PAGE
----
At the corner of Circle Drive in Beacon Hill Park on a Thursday evening, Steve Gait hatched his very first egg.
Staring intently at the beige and green speckled egg on the screen of his Samsung smartphone, the egg begins to shake and rattle. Suddenly, a two-eyed brown creature with white horns pops out.
It’s a pokemon called Pinsin.
“It’s getting crazy,” said Gait with a laugh.
Gait just finished hatching his first 10 kilometre egg as part of a new phenomenon called Pokemon Go that has been sweeping across Canada, including Victoria, since it was released earlier this month.
Pokemon Go is a free, location-based augmented reality game played on smartphones. As part of the game, which is meant to encourage users to get outside and walk, players use their GPS and camera to capture, battle and train virtual creatures called pokemon, who appear on the screen as if they were in the same real-world location as the player. The goal is to catch all 250 pokemon.
Players can also pick up pokeballs (to catch the pokemon) and eggs at pokestops around the city. Depending on the egg, participants must walk two, five or 10 kilometres in order for the egg to hatch.
In Gait’s case, he walked 10 kilometres to get the Pinsin to hatch, and is in the process of hatching two other eggs.
In the past few weeks, the Cook Street Village resident has caught 47 different pokemon, often seeing them on walks through Beacon Hill Park, on his lunch break from work or standing in line at a grocery store.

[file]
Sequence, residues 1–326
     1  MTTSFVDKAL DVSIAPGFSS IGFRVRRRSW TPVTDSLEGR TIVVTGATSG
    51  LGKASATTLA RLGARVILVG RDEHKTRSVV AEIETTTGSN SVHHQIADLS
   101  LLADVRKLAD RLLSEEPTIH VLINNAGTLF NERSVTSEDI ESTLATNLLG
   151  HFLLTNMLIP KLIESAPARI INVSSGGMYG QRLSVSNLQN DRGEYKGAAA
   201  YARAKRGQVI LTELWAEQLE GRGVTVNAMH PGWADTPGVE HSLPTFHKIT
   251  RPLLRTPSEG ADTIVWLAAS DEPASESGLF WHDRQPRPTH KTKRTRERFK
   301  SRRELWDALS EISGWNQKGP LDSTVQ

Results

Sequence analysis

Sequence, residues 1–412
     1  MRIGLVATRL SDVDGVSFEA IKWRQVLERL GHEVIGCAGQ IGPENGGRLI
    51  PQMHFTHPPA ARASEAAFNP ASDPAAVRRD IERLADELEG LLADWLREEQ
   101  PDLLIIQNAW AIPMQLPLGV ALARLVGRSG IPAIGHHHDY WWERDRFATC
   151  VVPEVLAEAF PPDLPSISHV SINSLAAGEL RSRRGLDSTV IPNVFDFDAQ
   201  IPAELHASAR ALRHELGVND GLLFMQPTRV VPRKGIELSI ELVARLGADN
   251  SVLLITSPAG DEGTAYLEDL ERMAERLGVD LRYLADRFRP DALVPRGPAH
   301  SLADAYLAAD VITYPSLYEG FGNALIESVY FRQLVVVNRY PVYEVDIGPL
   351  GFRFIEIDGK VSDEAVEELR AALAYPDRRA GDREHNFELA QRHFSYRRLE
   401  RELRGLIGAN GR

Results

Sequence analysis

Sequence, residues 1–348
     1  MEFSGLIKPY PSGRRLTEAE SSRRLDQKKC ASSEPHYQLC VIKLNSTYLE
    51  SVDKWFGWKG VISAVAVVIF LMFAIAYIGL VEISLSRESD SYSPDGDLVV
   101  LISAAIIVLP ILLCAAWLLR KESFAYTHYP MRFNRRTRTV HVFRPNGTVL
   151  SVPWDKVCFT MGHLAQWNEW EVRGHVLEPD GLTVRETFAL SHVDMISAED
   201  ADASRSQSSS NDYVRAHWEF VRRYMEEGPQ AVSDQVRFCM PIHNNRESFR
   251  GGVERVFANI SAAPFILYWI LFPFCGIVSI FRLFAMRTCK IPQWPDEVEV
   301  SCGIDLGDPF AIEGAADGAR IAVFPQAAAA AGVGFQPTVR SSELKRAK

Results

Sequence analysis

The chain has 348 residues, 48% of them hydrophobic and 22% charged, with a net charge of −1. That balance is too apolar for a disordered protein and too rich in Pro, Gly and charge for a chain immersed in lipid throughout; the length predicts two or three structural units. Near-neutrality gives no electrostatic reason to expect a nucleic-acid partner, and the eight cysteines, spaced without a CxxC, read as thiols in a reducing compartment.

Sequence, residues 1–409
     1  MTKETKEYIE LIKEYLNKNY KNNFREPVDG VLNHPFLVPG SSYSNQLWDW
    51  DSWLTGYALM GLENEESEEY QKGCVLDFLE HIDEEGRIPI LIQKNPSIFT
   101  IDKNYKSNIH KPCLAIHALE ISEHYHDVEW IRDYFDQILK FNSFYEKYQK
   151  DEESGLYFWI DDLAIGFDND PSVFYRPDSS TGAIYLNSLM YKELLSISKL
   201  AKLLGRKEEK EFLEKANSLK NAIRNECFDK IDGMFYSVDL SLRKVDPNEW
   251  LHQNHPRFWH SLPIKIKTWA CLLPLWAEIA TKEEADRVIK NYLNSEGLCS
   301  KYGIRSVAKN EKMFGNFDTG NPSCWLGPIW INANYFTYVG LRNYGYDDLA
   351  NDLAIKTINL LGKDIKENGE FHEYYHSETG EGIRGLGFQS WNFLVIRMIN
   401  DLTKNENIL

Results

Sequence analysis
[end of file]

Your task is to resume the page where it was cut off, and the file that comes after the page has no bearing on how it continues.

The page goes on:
Gait said the game has encouraged him to go outside and has created a community of people with a common interest.
“I wasn’t into pokemon originally. For me, these are brand new characters. I’ve never seen them before or heard of them for the most part,” he said, adding it’s exciting when he catches new types of pokemon.
People around the Island are excited about the game as well.
Tear’a Lyons recently created a Facebook group called Pokemon Go Team Vancouver Island, where members can share achievements and seek advice.
Originally, she thought the group would just be a few members, but it has since ballooned to more than 300 members in a few days.
Lyons, who goes out several times a day to play the game and take her dog for a walk, said the game has helped her start conversations with people she normally wouldn’t interact with. The game has also helped bridge the gap between generations young and old, she added.
“I’ve gotten a lot more courage talking to people and being more open and being aware of what’s out there,” said the 41-year-old Sidney resident and mother.
“It’s an excuse to go out with your kid, to go out with your grandkid. I think the younger generation is positively impacted in playing it as well. It’s a reason to get out with your mom and dad. Often times, kids don’t feel like they have things in common with their parents. This is that connector, this is the missing thing in the middle that connects the age gaps.”
For more information about the Facebook Group visit Pokemon Go Vancouver Island.